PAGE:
Mateo Askaripour’s first novel, Black Buck (Houghton Mifflin Harcourt, Jan. 5), takes place largely in an office building at 3 Park Ave. in Manhattan: a big, ungainly tower that sits diagonal to the street. Darren Vender, our narrator, works in the Starbucks on the ground floor, where he’s been biding his time since graduating as valedictorian of the Bronx High School of Science four years earlier. One day, on a whim, he decides to convince one of his regulars that he really wants to try a different type of coffee; the man is so impressed by Darren’s sales patter (“Did you just try to reverse close me?”) that he offers him a job as the only Black salesman at his tech company on the 36th floor. Askaripour’s publisher, Houghton Mifflin Harcourt, is also located at 3 Park Ave., but he says it’s just a coincidence; he didn’t use that location to try to sell them on his book, which our review calls “witty, jazzily discursive, and rhythmically propulsive.” It was recently selected by Jenna Bush Hager as the January pick for her Today show book club. We spoke over Zoom; the conversation has been edited for length and clarity.

Your book is about sales. Sell it to me.

Well, you know, if it speaks to you, then read it. If not, don’t. That’s it. Many people are extremely engaged with this current moment, where race and racism of all stripes and police brutality are at the forefront of our American mind, and many people say that this book speaks directly to that moment, and it helps them better understand it. And especially for Black people who read it, they say this book helps them remember they’re not alone and they have tools to combat systemic racism, at least in some forms.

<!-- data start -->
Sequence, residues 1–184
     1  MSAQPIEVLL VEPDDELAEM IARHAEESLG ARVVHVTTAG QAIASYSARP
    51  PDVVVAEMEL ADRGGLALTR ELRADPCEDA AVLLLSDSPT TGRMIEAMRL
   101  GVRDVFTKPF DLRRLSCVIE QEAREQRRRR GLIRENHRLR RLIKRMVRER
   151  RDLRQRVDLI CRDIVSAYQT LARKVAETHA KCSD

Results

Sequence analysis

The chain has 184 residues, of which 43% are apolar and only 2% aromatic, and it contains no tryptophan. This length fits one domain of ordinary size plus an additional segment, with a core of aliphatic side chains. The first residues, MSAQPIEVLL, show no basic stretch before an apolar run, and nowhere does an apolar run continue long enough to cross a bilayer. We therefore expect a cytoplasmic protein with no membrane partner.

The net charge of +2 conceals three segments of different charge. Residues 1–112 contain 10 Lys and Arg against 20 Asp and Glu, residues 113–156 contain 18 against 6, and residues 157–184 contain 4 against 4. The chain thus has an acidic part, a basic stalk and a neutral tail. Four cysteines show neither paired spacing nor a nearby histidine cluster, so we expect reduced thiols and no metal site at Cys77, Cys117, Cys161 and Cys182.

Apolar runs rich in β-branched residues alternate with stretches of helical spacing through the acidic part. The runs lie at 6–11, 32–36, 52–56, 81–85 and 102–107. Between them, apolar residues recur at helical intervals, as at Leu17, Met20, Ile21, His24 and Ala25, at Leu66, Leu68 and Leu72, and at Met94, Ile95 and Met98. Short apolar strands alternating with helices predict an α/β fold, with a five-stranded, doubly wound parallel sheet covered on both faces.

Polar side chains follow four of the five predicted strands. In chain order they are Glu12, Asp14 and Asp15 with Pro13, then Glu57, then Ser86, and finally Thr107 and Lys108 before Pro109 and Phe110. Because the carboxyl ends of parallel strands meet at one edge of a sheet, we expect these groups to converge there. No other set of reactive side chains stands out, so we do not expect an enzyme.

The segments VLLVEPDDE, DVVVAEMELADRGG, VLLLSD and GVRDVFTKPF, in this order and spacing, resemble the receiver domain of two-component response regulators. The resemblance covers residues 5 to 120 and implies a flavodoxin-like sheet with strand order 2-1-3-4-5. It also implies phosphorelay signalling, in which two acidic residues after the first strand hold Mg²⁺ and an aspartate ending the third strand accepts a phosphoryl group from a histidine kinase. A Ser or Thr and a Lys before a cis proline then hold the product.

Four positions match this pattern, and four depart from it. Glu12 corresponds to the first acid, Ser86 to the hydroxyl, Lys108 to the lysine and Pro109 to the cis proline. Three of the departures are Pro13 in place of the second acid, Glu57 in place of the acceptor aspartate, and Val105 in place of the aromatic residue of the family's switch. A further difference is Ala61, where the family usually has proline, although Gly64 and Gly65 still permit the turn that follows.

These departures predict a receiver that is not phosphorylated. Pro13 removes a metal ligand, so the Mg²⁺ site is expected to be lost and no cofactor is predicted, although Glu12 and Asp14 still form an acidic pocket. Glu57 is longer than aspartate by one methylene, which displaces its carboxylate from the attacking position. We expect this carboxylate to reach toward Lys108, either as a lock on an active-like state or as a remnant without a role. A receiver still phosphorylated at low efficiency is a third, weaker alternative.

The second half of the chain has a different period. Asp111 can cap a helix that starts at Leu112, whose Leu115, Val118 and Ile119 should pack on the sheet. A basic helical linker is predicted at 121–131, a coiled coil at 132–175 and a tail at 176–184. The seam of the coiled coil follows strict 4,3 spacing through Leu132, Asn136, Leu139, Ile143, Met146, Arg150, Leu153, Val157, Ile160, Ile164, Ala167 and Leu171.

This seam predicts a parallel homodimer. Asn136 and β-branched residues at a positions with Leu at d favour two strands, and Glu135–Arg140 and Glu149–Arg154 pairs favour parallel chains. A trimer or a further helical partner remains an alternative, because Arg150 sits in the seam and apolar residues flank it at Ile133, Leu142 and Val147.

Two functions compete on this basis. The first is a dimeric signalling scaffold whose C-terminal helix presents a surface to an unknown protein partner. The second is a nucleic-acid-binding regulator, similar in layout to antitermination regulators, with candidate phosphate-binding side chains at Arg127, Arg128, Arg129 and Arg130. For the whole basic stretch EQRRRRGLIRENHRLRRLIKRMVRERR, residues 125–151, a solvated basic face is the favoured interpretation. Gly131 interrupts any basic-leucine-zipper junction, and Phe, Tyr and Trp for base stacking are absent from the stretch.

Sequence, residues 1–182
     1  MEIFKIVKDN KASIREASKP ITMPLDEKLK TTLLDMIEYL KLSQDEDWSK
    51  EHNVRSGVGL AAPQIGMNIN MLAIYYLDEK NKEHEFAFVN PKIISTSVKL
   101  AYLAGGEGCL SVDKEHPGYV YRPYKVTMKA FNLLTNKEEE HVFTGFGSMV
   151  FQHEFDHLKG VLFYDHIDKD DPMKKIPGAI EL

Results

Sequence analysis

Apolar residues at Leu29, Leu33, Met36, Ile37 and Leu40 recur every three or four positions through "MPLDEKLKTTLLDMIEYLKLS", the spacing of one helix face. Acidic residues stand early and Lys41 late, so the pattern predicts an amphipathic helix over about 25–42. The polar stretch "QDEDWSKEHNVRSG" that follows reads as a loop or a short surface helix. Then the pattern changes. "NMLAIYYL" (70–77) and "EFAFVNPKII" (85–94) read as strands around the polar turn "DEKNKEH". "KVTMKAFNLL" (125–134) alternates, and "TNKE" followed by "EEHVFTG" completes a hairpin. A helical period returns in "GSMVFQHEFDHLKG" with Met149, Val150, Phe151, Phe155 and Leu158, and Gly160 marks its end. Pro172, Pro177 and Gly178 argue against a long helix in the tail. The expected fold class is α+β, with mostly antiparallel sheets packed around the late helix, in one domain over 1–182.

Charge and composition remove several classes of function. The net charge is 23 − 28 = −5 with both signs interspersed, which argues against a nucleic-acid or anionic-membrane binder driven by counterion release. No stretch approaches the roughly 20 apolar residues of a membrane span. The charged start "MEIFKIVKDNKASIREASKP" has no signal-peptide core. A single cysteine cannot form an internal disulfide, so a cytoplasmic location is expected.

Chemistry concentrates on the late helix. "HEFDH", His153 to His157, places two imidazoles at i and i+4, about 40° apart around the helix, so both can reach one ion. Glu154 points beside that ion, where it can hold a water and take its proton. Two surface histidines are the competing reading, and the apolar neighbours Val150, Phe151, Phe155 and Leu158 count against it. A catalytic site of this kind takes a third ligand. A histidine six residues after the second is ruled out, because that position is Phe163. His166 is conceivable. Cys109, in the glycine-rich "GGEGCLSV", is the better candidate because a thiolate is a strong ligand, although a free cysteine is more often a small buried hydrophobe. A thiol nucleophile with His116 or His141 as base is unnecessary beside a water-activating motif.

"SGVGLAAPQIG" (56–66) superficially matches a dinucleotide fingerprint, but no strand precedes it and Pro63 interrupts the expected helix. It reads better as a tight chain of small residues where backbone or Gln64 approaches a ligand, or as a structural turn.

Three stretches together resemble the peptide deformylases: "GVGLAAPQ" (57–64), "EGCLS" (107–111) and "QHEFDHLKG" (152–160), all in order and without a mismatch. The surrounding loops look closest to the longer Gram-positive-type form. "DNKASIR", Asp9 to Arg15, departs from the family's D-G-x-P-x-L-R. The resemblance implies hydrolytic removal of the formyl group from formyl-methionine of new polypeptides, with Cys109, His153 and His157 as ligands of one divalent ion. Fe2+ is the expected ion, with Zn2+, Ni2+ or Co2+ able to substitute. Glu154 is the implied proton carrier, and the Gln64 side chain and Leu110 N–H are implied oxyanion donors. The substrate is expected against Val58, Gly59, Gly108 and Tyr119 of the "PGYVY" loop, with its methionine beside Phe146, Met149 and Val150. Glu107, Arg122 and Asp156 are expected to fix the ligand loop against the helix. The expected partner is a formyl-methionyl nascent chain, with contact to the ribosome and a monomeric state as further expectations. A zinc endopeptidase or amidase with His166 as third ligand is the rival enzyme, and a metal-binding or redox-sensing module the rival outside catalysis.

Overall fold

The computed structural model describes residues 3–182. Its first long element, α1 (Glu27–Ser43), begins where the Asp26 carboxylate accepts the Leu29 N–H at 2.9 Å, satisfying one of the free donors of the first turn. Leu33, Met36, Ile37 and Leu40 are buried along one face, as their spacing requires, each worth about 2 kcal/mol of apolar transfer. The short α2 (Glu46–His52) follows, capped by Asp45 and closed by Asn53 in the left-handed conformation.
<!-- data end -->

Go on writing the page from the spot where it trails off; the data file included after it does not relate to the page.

The book is written as a sales manual, with hints and tips sprinkled throughout. Did you write it with the intention of helping people deal with a moment like this?

Exactly. That was Priority No. 2, really. And that’s why I wrote it with that device. I think it speaks to many of us, Black and brown people that have been others, especially in the workplace. And this could be true for anyone that’s felt otherized, whether that’s due to sexual orientation, gender expression, religion, or race. Priority No. 1 was to impress myself with the book—I wanted to write something that was extremely engaging to me, something I’d be proud of first and foremost. But Priority No. 2 was to write something that would feel true to people who have experienced these types of things and most certainly would give them a few tools to help better themselves and the lives of those they love.

Let’s talk about Darren and his early days at Sumwun. All the employees there are hazed during their first week, but it’s obvious he’s hazed more than the other new hires. And he notices right away that he’s the only Black person in the whole company. He alternates between wanting to walk out and say, “I’m not putting up with this racism” and wanting to stay there and prove he can succeed.